Playing the political game

Fakir Syed Aijazuddin
Fakir Syed Aijazuddin

Millions of Pakistanis pay to watch their elected favourites compete in games played in our political national stadium.

Politics here has been likened to cricket, especially after a professional cricketer was fielded as captain of the country’s team. That comparison does not hold: too many players on the pitch, too little respect for MCC rules of gentlemanly conduct, too frequent run-outs.  No one is interested in keeping score, only in settling scores. 

Is it like football? Not really. Football requires dexterity, speed, and control of the ball.  Our political fixtures are nothing more than painful tackles, deliberate fouls, and own goals – overseen by a partisan referee who wields a truncheon shaped like a whistle.

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Is it like boxing? As a sport that draws blood and often results in a knock-out, yes, except that our political pugilists are unfamiliar with the Queensbury rules.

Those with a sense of history will recognize a similarity closer to the games that were held in Rome’s Colosseum, where gladiators fought until an imperious movement of the thumb determined their fate – upwards meant live to fight another day, and downwards death and oblivion.

A vote of confidence in the National Assembly has to be seen for what it is – a thumbs up, life for another six months at least. It is a Pyrrhic achievement, akin to a circus goat balancing on an upright rod – an illusion of precarious stability.

Many observers wonder why it was necessary for the PTI government to dribble an amendment to Article 226 past the opposition on the eve of the Senate elections? Obviously, it felt insecure about the integrity of its own party members. They are all honest men, but not necessarily honest politicians. As Abraham Lincoln’s Secretary of War Simon Cameron once said: ‘An honest politician is one who when he is bought will stay bought.’ Even the promise of Rs 500 million of development funds each was clearly not enough to grout the loyalty of our lawmakers.   

Voters wonder: if an open ballot is such a good thing, why should it not be applied to even the general elections? The answer – if only elected representatives realised it – lies in the sanctity of a vote. A vote is a fiduciary trust, a right yielded voluntarily by one human being to another. It is not a football, to be kicked backwards and forwards across a muddied field. And it is more than just a piece of paper.

In 1938, British prime minister Neville Chamberlain returned from his negotiations with German Chancellor Adolf Hitler, announcing: ‘I have here, from Herr Hitler, a piece of paper’, a pledge signed by Hitler not to go to war again. Herr Hitler privately told his foreign minister: ‘Oh don’t take it so seriously. That piece of paper has no significance whatsoever’. It took a declaration of war sent on a piece of paper by Great Britain to Germany on 3 September 1939, and a German Instrument of Surrender signed on a piece of paper on 8 May 1945, to prove Hitler wrong.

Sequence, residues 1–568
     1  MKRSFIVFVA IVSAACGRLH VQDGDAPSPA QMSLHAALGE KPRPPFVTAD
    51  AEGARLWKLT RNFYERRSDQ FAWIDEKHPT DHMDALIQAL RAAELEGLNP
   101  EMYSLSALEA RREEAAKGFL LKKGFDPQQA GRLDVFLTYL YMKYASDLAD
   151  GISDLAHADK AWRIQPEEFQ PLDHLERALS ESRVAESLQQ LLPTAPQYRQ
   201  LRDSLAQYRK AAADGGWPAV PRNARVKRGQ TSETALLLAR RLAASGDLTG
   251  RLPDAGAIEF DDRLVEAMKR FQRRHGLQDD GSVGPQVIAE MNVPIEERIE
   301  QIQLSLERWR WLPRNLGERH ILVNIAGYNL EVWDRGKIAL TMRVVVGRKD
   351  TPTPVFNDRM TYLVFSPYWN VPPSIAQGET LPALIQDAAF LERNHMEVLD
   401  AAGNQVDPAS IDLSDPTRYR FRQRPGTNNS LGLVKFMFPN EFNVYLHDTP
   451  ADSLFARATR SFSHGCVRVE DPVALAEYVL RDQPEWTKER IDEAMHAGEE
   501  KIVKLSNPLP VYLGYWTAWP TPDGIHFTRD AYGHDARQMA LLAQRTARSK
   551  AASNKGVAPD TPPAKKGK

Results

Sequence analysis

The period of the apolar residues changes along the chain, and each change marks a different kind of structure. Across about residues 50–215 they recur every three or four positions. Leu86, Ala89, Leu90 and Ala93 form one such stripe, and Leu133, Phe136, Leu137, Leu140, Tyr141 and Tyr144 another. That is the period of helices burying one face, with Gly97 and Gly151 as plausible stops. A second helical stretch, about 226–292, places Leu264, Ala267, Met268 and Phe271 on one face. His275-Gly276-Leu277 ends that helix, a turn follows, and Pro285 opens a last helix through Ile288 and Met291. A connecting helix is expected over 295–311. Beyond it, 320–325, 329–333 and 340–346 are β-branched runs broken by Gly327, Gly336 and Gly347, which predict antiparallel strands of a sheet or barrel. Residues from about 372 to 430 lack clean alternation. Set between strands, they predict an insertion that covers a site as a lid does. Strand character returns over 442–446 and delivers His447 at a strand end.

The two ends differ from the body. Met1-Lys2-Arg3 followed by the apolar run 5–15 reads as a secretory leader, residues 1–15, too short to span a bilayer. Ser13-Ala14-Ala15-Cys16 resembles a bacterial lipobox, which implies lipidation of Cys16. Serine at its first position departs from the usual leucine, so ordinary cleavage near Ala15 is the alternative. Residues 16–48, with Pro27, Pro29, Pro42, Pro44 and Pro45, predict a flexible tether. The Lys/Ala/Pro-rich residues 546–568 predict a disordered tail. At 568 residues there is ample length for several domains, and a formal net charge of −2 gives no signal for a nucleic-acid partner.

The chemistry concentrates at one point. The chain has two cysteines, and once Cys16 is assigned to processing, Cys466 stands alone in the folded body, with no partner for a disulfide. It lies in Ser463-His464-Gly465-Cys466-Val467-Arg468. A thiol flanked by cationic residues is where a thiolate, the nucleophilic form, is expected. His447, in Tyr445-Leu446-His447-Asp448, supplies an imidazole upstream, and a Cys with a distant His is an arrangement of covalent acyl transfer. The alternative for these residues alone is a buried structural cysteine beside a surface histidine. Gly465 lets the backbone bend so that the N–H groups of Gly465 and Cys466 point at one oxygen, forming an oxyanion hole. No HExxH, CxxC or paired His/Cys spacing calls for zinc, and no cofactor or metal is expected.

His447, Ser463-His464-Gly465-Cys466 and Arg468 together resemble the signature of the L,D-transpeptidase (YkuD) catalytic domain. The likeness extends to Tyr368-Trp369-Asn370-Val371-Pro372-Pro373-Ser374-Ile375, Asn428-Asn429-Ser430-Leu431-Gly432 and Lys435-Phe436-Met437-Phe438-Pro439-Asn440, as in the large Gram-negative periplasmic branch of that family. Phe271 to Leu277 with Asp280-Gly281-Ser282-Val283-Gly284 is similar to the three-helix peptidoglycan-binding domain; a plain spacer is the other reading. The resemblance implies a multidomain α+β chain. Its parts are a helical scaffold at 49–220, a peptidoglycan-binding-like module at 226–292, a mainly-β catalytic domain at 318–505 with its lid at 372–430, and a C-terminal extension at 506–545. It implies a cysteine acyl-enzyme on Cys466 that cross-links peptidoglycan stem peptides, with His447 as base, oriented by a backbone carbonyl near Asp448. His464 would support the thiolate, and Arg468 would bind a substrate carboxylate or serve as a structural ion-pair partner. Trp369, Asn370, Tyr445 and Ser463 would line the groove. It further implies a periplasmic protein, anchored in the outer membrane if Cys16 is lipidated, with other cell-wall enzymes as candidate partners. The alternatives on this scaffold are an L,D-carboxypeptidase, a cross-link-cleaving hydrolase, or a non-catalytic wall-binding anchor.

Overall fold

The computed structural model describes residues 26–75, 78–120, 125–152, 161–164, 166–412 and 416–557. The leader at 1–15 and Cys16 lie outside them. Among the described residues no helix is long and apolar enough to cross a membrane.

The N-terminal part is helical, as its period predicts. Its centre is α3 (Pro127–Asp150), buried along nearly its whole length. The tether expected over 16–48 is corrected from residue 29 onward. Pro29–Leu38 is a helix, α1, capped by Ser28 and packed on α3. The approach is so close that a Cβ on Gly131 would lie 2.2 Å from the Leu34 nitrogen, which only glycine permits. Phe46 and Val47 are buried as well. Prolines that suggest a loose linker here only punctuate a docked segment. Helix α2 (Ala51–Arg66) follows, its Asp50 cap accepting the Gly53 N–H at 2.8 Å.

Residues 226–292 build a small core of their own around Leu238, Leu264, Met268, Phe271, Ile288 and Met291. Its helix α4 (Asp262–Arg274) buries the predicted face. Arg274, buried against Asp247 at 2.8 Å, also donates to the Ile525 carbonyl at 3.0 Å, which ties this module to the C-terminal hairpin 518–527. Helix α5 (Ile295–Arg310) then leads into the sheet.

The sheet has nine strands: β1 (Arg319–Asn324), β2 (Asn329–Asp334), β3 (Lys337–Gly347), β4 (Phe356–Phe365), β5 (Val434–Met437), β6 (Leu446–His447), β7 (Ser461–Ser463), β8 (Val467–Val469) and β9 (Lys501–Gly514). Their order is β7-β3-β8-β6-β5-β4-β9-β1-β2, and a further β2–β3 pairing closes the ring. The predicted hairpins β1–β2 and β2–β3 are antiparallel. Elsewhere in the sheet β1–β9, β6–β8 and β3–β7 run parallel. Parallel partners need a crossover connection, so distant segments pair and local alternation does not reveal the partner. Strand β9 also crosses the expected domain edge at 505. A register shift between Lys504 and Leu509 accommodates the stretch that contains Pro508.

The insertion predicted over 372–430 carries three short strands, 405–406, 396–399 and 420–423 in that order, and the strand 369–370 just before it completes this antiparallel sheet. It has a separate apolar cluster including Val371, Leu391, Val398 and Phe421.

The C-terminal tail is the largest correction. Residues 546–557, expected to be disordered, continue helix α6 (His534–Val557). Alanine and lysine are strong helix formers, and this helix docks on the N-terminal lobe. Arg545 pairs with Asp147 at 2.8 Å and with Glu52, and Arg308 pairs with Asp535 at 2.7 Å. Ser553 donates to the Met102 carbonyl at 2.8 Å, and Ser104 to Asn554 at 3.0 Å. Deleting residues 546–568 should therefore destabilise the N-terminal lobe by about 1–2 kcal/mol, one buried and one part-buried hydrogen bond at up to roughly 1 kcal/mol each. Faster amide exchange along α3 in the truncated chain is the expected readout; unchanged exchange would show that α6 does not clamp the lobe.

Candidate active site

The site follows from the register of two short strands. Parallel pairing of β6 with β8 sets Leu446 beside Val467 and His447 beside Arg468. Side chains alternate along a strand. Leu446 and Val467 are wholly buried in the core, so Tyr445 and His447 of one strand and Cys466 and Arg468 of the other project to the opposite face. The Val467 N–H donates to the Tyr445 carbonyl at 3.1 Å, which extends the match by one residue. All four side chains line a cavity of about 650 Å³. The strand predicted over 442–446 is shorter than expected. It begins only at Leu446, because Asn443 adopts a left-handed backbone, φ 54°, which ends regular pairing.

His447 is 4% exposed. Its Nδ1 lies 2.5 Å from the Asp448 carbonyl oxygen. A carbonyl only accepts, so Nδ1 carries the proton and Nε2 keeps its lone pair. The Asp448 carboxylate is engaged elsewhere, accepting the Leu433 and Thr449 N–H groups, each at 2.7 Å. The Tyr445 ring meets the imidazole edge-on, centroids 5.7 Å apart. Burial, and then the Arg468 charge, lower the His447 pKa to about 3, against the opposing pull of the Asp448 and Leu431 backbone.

A ballot is worth even less than a piece of paper, if the ballot box is treated as a waste paper basket. In the hands of a conscientious voter, however, it possesses the force to topple governments. Prime minister Zulfikar Ali Bhutto realised that when, in 1977, he sought to revive a supine electorate he had bludgeoned into submission with his relentless reforms.  

His obedient minions secured him a landslide victory. Some of his PPP candidates garnered 95% of the votes in their constituencies. In others, the actual number of votes cast exceed those of actual voters. It was alleged that the results in certain key constituencies were announced directly from the PM’s office. Any similarity with the recent polls in NA 75 at Daska is purely coincidental.

General Ziaul Haq’s subsequent intervention in July 1977 – Operation Fair Play – should have levelled the playing field. Instead it brought the third referee on to the pitch with a permanent seat on the panel of selectors.

Later, in November 1989, Mr Bhutto’s daughter Benazir Bhutto survived a parliamentary challenge, as did her successor Nawaz Sharif in March 1993. They were removed ultimately by less democratic means. 

Are Pakistani voters always to be relegated to filling tiers of spectators, bound to watch political gladiators fight with blunted words and fake blood?

The Pakistan electorate is tired of seeing opportunistic players switching sides with impunity, of hopefuls being crippled during practice, of dismissive red cards, and of prime ministers being sent off the field.

Dare one ask: Now that you have tired playing with it, may we have our country back?

Fakir S Aijazuddin is a noted thinker and columnist of Pakistan

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